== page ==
How to protect your life on the cheap

If you’re not yet financially independent, and you have dependants, you’ll need to ensure that you have enough life insurance to support them and to repay any debts if you die prematurely.

A policy which pays out a lump sum is usually best to pay off any debts like a mortgage. If you are an employee you might have life insurance provided by your employer, known as ‘death in service’ benefit. But if you don’t have such cover, or it isn’t enough for your needs, or you are self-employed you’ll need to take out extra life cover.

Most people obtain personal life cover through a personal insurance policy which runs for a set number of years, known as a term policy. Cover can be level, increasing (perhaps by inflation) or decreasing (perhaps to match a reducing repayment mortgage). Premiums can be paid monthly or annually - annual are cheaper - and are paid out of after-tax income.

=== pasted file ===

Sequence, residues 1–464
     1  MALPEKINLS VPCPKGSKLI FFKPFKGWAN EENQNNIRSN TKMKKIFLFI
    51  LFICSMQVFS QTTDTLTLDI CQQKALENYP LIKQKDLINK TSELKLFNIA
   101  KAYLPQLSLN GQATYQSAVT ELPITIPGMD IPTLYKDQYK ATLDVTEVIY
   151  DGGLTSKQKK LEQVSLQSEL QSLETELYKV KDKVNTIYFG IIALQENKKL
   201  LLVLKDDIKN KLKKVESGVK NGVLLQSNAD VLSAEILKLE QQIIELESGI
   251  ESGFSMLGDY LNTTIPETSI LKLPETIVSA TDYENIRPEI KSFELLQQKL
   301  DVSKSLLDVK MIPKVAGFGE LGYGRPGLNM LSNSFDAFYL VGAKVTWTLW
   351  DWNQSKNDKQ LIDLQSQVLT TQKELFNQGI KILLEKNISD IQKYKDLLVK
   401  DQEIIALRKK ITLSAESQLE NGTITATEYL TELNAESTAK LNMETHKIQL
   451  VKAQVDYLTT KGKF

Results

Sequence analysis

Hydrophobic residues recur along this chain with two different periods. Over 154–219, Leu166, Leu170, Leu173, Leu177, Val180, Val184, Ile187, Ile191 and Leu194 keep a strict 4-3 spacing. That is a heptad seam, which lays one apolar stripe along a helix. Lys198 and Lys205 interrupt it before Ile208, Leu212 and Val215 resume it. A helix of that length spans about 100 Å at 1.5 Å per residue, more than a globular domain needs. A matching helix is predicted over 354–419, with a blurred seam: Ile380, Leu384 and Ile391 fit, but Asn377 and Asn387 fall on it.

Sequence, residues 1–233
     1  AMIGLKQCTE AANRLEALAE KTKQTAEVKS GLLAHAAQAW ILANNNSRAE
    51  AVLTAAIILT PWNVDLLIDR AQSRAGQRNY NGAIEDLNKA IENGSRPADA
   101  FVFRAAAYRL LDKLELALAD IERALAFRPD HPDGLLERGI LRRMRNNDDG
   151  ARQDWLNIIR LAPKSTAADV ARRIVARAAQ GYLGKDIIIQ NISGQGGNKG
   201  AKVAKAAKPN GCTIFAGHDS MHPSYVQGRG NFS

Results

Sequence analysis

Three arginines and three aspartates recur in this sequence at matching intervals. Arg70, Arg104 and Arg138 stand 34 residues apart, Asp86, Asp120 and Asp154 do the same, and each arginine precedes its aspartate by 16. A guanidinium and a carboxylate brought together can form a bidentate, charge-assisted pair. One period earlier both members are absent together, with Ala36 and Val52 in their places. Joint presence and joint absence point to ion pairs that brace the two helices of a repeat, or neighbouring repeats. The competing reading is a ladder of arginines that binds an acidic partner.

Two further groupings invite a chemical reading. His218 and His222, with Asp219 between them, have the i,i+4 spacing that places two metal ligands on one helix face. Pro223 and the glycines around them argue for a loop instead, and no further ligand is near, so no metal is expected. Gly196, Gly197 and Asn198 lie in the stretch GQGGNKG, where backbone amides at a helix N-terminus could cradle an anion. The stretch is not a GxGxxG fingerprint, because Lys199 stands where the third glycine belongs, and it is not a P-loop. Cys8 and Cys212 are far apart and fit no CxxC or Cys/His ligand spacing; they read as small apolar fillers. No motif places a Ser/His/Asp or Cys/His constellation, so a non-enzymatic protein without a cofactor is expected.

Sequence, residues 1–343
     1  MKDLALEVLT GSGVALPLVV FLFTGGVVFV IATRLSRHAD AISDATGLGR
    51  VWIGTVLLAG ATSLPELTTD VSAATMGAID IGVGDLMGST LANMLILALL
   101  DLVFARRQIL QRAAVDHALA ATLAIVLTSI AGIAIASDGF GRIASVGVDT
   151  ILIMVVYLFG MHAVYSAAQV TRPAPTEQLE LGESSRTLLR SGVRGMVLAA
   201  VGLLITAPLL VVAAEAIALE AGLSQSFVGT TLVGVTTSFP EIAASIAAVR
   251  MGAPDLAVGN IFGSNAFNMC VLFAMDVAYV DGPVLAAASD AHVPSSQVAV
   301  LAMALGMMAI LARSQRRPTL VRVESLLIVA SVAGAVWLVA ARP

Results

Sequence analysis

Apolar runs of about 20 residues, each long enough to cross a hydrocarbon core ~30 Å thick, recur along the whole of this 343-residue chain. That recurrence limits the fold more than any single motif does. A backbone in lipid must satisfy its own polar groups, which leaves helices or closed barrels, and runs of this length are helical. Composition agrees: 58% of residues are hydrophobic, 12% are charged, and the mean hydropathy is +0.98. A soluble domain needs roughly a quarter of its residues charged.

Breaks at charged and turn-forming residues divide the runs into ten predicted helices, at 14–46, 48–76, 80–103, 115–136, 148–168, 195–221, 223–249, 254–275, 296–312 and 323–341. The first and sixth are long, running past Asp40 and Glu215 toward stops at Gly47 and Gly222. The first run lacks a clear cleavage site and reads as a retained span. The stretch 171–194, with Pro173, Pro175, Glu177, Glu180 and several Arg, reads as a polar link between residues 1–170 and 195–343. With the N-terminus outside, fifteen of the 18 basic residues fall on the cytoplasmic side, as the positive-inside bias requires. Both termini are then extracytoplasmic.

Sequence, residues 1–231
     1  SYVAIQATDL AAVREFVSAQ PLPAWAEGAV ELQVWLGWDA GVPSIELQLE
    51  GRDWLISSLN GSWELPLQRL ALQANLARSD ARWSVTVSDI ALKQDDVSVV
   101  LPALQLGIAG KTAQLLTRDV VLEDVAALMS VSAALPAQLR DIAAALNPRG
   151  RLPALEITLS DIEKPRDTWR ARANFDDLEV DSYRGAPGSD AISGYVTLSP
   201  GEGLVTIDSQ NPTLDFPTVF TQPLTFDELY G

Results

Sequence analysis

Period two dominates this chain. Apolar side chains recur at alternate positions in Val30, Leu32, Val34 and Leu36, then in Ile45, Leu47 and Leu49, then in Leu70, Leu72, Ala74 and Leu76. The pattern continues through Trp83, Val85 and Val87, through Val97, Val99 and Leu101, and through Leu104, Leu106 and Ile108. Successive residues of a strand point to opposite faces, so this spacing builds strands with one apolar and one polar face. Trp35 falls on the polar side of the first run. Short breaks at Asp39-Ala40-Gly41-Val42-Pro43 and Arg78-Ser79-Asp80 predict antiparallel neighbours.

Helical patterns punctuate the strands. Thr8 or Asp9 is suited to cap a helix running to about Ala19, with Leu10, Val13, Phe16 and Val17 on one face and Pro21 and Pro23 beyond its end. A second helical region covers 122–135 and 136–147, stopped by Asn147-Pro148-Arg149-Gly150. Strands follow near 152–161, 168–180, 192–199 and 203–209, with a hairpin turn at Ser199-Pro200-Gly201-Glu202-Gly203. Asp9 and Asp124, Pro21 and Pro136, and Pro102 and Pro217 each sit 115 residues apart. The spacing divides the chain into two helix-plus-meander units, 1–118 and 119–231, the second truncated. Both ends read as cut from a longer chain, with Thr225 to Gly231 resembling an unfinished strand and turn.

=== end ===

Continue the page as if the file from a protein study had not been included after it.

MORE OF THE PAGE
Employees can lower the cost of life cover

If you are an employee, you can also arrange life cover through what is known as a relevant life policy (RLP). An RLP is a life insurance policy which is taken out by an employer on the life of an employee instead of, or in addition to, traditional group death in service cover.

The premiums of an RLP are tax deductible as an expense for the employer, and not treated as a taxable benefit in kind for the employee. You could agree with your employer to give up enough of your salary – known as salary sacrifice - to meet the cost of the premiums. Although cover through an RLP is typically 20% higher than a personal life policy, paying the premiums by salary sacrifice means that the net cost of an RLP is much less than a traditional life insurance policy paid out of after-tax income as shown in the following examples.

RLP table.PNG

Note: Assumes tax rates in England.

In the above example, in addition to the cover of the life policy, by sacrificing salary and having the employer pay the premiums on the RLP, a basic rate and higher rate taxpayer ends up nearly £320 and £455 per year respectively better off in net take home pay.

Salary sacrifice to fund an RLP isn’t right for everyone, particularly if you are a very low earner, as it might affect your accrual of certain state benefits. But otherwise, if you are employee (which includes being a controlling director) who needs additional lump sum life cover, why not find out if your employer would be prepared to pay for a relevant life policy through salary sacrifice.  

Jason Butler